The decline of church attendance among millennials is a framing issue of the modern world, reflective of the changing structure for our society. To understand the drop in church affiliation among millennials, which is viewed as a symptom of the increasing secularization of America, most research has focused on personal barriers or the internal reasons 18- to 29-year-olds choose not to attend church. Yet the decay of the church in America is a two-sided issue. We need to consider the church’s role and responsibility in the issue; are churches changing with the times, integrating their missions into an increasingly technological world and aiming to meet this generation where it is at, without evading hard questions of social justice?
In the past decade, the large generation gap in terms of church attendance has evolved to become an increasingly stark divide. Millennials average about half the time per day engaging in religious activities than do non-millennials. In fact, only a third of millennials (those born in 1981–96) claim to attend a service once a month, and there are as many millennials who say they will go to church once a week as those who say they never go. Sixty-two percent of those identifying as Christians say they attend church once or twice a month, consistent to past research. Thus, America’s church attendance rate is not declining because Christians are attending church less often, but because the amount of Christians in the American population is declining.
This phenomenon presents a challenge for the church body. How, in an increasingly secularized culture, does the church appeal to and welcome the younger generation? The lack of community involvement for millennials is already an issue; lack of community is cited as a significant reason for increasing isolation and the loneliness epidemic of modern culture. To degrade the role of churches in society is to increase partisanship and weaken the cohesive nature of society.
The narrative surrounding church affiliation, or lack thereof, of millennials is that attendance is solely the individual’s responsibility. Of course, individual impetus is an essential factor, yet research on the topic focuses primarily on internal as opposed to external factors. The commonly cited external factors for religious disaffiliation are longer transition time to adulthood, deferred marriage or shifting family definitions, and financial independence. In the internal category, cited are identity exploration, instability, and young adults’ self-focused nature. Essentially, the society is shifting in its definition of where one can find community, and young adults are wrestling with questions of identity and ultimately attempting to find where they fit in the world. In a recent Pivot Northwest study, millennials compiled a short list for values they found important to a fulfilling life; this list included purpose, relationships, peace, and spiritual growth. Contrary to the way society often frames the church attendance issue, young adults are not pulling away from community, fulfillment, or fellowship; they simply have not found churches to be the place to provide those values. The “come to us first” posture is weakening church appeal and is frankly not effective. Thus, the church retains some responsibility for increasing millennial church attendance. How do church communities present themselves as communities and not highly selective, members-only clubs? How can churches act as an avenue for fellowship among millennials and not a hypocritical, judgmental system?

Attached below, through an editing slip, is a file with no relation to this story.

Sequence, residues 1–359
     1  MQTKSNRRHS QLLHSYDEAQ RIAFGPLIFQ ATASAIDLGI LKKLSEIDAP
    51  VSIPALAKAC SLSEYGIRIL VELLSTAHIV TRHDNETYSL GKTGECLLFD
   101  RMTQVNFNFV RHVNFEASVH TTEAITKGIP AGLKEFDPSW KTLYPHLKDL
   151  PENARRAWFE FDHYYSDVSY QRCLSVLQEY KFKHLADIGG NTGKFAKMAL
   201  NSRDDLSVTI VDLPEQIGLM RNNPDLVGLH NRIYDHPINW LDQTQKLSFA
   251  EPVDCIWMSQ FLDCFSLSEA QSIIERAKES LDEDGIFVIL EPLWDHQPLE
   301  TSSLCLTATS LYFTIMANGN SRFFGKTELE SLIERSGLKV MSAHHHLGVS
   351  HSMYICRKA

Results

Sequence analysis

To combat the off-ramps that most millennial “nones” associate church with, churches must first realize what defines the millennial generation. A group that has been marketed to nearly since birth, millennials have adopted a high sense of prioritization — essentially a survival technique to sift through the constant flow of information and opportunity they are presented with each minute. In a hyper-speed world that moves at the pace of the internet, time is increasingly precious and hard to find. Thus, the things that millennials choose to allot time to need to be worthy, in their mind, of that time. If the church assumes a passive role in outreach, the appeal is lost, and the invitation may not even make it to an individual past all other distractions and invitations.
The church needs to have an invitation that is distinctly different than other marketing. The church community is not an influencer or a niche affiliate group tempered to the bubble that one can reside in, but a welcoming and diverse family. If young adults are looking for a space for community and ways to connect with one another and are yearning for connection — as every human being does — the church must be a welcoming place.
This could require altering church legislation to make room for different attendees. Change requires sacrifice. This means churches should meet the current young adult generation where it is at. They should administer to the increasing population of secular couples and families that do not operate like the common nuclear family anymore and to youths who express ambivalence and uncertainty about religion. Essentially, if churches continue to administer to models of past generations, the gap between young adult society and religious affiliation will continue to widen. If there was ever a time to build bridges, it is now.